1. A condition resulting from a disturbance in metabolism of lipids, characterized by deposits of cholesterol in tissue, as in Tangier disease. 2. Cholesterol crystals in the anterior chamber of the eye, as in aphakia with associated retinal separation. SYN: cholesterinosis.
The excretion of cholesterol in the urine. SYN: cholesterinuria.
An anion exchange resin used to bind dietary cholesterol and hence prevent its systemic absorption. Used to treat hypercholesteremia. Can bind many acidic drugs in the gastrointestinal tract and prevent their absorption.
Relating to the bile. SYN: choleic.
A family of steroids comprising the bile acids (or salts), generally in conjugated form ( e.g., glycocholic and taurocholic acids). Chemically, cholic acids are cholan-24-oic (cholanic) acids (the terminal C24 of cholane becoming a &cbond;COOH group); biologically, cholic acids are derived from cholesterol (a cholestane derivative) and display varying degrees of oxidation (OH groups) and orientation at positions 3, 7, and 12. It is these oxidations and orientations that distinguish the several c.; e.g., c. is 3α,7α,12α-trihydroxy-5β-cholan-24-oic acid, deoxycholic acid is 3α,12α-dihydroxy-5β-cholanic acid. C. is a naturally occurring detergent that aids in the digestion of fats. SYN: cholalic acid, cholanic acid.
Enlargement of the gallbladder due to retained fluids. [G. chole, bile, + kele, tumor]
(2-Hydroxyethyl)trimethylammonium ion;found in most animal tissues either free or in combination as lecithin (phosphatidylcholine), acetate (acetylcholine), or cytidine diphosphate (cytidine diphosphocholine). It is included in the vitamin B complex; as acetylcholine (c. esterified with acetic acid), it is essential for synaptic transmission. Several salts of c. are used in medicine. SYN: lipotropic factor, transmethylation factor. c. acetylase SYN: c. acetyltransferase. c. acetyltransferase an enzyme catalyzing the condensation of c. and acetyl-coenzyme A, forming O-acetylcholine and coenzyme A. SYN: c. acetylase. activated c. SYN: cytidine diphosphocholine. c. chloride a lipotropic agent. c. dihydrogen citrate a lipotropic agent. c. esterase I SYN: acetylcholinesterase. c. esterase II SYN: cholinesterase. c. kinase an enzyme that catalyzes the formation of O-phosphocholine and ADP from c. and ATP. SYN: c. phosphokinase. c. phosphatase SYN: phospholipase D. c. phosphate cytidylyltransferase an enzyme that catalyzes a key step in lecithin biosynthesis: CTP + phosphocholine ⇆ pyrophosphate + CDP-c.. c. phosphokinase SYN: c. kinase. c. salicylate c. salt of salicyclic acid, an analgesic and antipyretic (because of the salicylate moiety). c. theophyllinate SYN: oxtriphylline.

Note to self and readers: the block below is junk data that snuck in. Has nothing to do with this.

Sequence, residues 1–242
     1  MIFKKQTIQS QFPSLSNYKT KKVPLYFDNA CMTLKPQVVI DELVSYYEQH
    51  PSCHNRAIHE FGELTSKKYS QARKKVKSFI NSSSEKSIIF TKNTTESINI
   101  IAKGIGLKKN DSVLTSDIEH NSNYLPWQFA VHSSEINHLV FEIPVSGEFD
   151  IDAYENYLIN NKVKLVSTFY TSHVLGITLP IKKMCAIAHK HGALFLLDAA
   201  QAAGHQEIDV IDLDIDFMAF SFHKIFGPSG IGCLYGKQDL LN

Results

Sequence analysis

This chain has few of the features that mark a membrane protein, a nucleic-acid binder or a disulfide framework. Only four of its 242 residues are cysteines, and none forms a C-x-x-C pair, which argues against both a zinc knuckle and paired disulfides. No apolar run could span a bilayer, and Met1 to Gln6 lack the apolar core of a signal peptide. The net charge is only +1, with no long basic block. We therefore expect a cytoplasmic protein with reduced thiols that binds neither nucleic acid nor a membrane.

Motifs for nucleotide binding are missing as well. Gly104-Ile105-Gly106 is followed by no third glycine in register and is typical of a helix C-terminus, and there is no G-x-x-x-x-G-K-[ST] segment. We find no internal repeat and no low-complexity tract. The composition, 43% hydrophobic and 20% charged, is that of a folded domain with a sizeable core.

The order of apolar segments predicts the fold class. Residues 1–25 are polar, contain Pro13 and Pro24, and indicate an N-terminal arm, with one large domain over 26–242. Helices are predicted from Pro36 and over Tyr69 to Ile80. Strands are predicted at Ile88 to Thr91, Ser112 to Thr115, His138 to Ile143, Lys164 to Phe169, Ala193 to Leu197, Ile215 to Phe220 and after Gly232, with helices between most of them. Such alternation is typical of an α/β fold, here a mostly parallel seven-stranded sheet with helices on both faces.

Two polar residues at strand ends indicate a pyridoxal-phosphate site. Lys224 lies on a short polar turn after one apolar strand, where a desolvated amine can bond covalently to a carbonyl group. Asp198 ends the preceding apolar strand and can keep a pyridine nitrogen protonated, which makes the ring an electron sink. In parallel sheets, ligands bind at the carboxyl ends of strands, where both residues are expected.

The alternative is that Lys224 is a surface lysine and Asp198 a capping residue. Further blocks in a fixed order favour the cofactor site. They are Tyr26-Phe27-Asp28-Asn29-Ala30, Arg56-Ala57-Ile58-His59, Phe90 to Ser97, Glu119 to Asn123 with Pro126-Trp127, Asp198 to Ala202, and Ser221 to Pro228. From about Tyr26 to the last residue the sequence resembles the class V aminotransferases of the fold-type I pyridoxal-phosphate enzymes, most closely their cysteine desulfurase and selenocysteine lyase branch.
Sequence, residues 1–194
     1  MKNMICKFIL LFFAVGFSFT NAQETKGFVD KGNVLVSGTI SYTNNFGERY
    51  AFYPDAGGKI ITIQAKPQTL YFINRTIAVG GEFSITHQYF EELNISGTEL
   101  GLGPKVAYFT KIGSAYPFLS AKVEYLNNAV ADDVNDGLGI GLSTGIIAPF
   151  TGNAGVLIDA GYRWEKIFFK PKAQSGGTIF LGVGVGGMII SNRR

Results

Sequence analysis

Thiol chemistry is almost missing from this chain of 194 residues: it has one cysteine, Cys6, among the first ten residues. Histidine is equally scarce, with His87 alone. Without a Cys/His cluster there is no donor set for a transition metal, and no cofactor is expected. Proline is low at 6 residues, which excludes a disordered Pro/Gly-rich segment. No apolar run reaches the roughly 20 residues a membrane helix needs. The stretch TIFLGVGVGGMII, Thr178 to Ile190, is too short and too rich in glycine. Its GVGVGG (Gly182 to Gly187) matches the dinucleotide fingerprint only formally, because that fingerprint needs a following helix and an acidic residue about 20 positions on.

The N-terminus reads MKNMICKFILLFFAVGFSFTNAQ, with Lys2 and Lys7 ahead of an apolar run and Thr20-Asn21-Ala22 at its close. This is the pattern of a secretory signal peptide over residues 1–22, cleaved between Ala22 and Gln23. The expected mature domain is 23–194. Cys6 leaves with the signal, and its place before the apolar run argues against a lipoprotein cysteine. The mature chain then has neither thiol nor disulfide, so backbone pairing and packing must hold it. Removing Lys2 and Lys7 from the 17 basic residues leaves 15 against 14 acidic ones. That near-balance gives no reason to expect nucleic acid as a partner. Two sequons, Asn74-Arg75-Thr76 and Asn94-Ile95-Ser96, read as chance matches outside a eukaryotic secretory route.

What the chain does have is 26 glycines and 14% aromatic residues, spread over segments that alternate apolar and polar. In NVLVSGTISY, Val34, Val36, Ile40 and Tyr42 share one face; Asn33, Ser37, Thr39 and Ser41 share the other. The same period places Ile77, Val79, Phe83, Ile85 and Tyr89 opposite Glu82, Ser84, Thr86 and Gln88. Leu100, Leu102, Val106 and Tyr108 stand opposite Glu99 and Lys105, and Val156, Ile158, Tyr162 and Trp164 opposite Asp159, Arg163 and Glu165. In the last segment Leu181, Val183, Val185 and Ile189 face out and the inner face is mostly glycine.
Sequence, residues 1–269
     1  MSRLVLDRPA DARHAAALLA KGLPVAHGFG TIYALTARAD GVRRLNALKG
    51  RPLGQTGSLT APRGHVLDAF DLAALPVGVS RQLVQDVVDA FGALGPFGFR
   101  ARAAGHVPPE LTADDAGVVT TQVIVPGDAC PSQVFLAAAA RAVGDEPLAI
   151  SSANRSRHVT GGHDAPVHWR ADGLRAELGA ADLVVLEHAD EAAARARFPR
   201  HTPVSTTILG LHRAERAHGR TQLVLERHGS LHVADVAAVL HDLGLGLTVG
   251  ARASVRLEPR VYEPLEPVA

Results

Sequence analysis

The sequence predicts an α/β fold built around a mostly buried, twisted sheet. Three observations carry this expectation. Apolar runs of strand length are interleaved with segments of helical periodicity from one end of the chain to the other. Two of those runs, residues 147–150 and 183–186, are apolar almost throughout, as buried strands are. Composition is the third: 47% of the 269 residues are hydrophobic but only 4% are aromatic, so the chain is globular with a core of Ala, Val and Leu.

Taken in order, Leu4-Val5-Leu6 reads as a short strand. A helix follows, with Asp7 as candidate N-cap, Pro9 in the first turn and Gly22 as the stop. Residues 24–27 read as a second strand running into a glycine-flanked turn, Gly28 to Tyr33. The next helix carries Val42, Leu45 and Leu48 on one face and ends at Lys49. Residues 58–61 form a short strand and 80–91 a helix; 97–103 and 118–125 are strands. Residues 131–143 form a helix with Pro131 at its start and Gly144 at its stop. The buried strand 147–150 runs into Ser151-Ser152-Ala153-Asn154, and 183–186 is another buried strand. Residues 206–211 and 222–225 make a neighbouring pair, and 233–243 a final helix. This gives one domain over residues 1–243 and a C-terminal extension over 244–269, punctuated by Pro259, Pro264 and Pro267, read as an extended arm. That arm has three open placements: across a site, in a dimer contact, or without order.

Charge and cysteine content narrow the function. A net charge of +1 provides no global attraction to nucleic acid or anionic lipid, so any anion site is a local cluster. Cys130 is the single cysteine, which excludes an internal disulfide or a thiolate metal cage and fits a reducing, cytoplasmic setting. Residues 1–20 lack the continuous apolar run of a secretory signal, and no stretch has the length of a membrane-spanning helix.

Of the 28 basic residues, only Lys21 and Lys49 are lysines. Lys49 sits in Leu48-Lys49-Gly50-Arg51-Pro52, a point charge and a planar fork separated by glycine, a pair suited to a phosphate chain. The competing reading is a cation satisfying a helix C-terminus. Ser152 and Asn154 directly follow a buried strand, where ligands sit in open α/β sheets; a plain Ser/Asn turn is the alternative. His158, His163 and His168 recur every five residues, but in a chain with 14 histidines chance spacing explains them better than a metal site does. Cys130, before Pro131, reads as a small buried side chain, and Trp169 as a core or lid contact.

An enzyme catalyzing the reaction between CDP-choline and 1,2-diacylglycerol to form a phosphatidylcholine and CMP. The last step in lecithin biosynthesis.
Relating to nerve cells or fibers that employ acetylcholine as their neurotransmitter. Cf.:adrenergic. [choline + G. ergon, work]